Wednesday, January 21, 2009

to believe or not to believe, that is the question

On these times of doubts and economical distress people turn to startups and new companies and ask you constantly "how is your company doing? Are you certain about your future?

In big companies nobody really cares if you believe or not in the company strategy. Probably CEO -1 and -2 it does have a bit more relevance but you can really not believe in your leaders or strategies and just execute and nothing (wrong) will happen

But with entrepreneurs the theme is very different. Entrepreneurs have always to believe and can't have a moment of doubt (at least not in public). Your investors and board members will make you all type of questions, want to see more of your business these days, understand better your new strategy or product roadmap but after drilling you with questions they want to be reassured with your belief in the company and its future

And then we have the employees which are looking at you when you are in the middle of new strategy definition or a cost cutting measures because they want to sense your passion, drive and belief is there. They need and want reassurance

I just remember talking today with Andrea about several board meetings we have had in the past 2 weeks and ending it up the conversation saying "I actually do have a strong belief in the new direction" and her saying "well you should".

What is the most interesting paradox in all of these? That many times I have seen that when someone in the management team has doubts and raises them on the executive meetings, it raises many questions and fascinating internal debates among us that end it up being the drivers of new strategies, important reflections or reaffirming a direction. And yes at the end of all of that "I have a doubt" process, we as a management team we do believe even more

So let me tell you. These are difficult times but I do believe in our business, people and partners and I am excited about the tough, difficult but promising and full of opportunities months ahead


  1. On a recent conversation I stated that leaders ( and by leaders I mean management- CEO, CIO, COO...etc) cannot allow themselves to be demotivated.

    This fact is even more obvious when it comes to start ups. Start-up leaders are probably the most demanding when it comes to recruitment. This is easy to understand as the success or failure of the company is intimately related to the skills (on any area - technical, commercial...etc.) of their human capital. The impact of the performance of each employee is crucial.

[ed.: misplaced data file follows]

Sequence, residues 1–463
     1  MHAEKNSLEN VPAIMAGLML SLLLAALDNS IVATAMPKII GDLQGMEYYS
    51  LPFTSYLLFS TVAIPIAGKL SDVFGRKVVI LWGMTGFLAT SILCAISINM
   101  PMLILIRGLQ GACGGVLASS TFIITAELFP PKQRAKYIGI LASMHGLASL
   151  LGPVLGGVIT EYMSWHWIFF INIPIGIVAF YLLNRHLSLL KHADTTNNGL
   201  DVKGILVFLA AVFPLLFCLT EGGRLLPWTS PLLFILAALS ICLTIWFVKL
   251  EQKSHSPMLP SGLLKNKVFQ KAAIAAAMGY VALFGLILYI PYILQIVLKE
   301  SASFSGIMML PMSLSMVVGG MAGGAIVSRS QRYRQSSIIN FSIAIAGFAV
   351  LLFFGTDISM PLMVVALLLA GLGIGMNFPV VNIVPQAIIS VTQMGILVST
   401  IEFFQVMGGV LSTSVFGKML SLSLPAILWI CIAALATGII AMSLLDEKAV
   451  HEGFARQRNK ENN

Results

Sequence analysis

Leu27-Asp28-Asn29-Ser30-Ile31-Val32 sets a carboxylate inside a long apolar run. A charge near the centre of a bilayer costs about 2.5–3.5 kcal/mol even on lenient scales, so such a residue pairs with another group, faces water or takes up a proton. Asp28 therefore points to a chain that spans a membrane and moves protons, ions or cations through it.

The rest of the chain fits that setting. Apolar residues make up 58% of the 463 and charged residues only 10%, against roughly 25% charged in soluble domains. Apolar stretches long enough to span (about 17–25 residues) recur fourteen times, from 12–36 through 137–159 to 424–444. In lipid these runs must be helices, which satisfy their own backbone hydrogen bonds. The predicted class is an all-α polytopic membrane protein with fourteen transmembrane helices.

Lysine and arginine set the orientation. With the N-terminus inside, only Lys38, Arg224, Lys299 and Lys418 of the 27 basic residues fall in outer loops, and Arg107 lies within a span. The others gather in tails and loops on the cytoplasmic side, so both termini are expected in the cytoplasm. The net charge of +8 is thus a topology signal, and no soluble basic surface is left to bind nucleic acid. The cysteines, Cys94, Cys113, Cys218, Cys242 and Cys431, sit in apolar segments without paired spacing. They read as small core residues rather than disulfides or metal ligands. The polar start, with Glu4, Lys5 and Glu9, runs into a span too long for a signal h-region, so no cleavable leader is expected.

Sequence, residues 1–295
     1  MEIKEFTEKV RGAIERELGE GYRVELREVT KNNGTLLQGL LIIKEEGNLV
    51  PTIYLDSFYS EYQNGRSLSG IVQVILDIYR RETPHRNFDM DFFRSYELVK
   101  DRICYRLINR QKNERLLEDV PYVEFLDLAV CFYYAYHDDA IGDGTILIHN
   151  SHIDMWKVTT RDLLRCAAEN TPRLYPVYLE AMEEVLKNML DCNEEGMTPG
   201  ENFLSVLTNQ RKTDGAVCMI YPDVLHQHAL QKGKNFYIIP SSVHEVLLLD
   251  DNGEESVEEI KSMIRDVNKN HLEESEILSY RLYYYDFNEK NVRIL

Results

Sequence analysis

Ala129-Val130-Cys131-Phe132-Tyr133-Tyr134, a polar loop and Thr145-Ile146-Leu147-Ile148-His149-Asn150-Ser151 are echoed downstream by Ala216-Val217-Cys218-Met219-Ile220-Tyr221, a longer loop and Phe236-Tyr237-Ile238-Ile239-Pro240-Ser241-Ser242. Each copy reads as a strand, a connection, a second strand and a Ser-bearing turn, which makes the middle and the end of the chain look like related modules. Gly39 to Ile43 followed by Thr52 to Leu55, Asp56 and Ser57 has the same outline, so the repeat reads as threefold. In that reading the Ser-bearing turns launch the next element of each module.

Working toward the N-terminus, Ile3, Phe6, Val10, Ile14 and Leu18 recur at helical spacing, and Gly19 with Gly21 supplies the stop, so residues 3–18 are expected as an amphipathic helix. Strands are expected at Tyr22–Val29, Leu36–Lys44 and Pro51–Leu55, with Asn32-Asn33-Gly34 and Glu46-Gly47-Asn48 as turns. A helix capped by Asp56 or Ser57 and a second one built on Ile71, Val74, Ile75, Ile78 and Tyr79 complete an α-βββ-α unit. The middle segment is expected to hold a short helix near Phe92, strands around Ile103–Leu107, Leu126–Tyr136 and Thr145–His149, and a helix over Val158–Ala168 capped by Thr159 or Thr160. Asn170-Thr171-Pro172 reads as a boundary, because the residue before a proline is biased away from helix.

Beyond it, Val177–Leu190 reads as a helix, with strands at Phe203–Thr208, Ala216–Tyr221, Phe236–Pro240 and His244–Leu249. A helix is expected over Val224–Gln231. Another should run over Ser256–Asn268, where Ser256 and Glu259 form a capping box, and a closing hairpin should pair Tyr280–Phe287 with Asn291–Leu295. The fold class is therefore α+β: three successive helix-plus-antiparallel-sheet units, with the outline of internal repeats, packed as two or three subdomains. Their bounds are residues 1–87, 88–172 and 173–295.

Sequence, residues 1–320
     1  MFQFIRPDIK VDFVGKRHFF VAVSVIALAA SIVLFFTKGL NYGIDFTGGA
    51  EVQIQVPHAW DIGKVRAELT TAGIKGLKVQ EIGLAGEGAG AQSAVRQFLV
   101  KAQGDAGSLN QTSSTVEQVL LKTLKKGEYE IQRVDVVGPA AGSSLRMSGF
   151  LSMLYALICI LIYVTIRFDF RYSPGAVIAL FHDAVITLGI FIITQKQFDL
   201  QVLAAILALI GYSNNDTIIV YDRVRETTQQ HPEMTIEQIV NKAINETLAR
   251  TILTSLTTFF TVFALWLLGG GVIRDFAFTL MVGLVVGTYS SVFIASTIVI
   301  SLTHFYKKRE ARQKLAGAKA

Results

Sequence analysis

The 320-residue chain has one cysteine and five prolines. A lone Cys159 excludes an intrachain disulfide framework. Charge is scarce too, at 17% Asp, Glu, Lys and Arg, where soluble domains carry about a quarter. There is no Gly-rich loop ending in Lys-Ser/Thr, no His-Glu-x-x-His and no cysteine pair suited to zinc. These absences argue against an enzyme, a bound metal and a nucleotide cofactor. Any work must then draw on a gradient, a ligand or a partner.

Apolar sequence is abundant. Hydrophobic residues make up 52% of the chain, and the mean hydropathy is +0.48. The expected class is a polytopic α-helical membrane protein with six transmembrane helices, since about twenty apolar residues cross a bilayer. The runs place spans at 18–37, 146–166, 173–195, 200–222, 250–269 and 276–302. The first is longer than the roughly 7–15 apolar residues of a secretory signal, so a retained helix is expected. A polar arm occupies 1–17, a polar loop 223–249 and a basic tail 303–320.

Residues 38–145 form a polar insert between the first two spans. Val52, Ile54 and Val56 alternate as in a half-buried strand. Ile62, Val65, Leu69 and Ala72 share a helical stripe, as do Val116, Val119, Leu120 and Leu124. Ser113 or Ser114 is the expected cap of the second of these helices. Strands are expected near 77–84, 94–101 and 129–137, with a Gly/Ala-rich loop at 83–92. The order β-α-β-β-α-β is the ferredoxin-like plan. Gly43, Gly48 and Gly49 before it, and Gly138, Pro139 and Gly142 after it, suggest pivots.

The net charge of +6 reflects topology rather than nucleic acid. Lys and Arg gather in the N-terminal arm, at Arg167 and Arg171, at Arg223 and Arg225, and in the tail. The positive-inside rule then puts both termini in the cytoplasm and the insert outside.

But what is even more important is the leader that guides the company through the ups and downs. One finds some common qualities on these people, they are passionate, demanding, confident decision-makers, enemies of protocols and generally workaholics (among others).

    Looking at people (no matter their position) as employees - and by employees I mean with a management hierarchy above might say that people are motivated by money, but , after having interviewed over a thousand people, i have found there is a common remark in their motivations towards work, and this common point is their boss.

    The figure of a boss has the greatest influence on ones professional life: it can make you hate a job you love, quit it, turn you psychically unstable or make you stick under the worst conditions possible.

    This really shows when things go wrong in a company, the employee can always look up to this figure that will throw some light, motivation or energy to go on.This is why, in order to release some management pressure, I will always recommend managers to recruit self-motivated people VS gurus.

    But what happens in start up companies? what happens when your upper hierarchies are investors? who motivates you then?

    Probably nobody.

    This means that leaders should always be strongly self motivated people with no right to feel weak or doubt in front of employees or investors. Almost heroes.

    "The mediocre teacher tells. The good teacher explains. The superior teacher demonstrates. The great teacher inspires."

  2. Keka nice and insightful comments
    I could not see your profile so will love to know who you are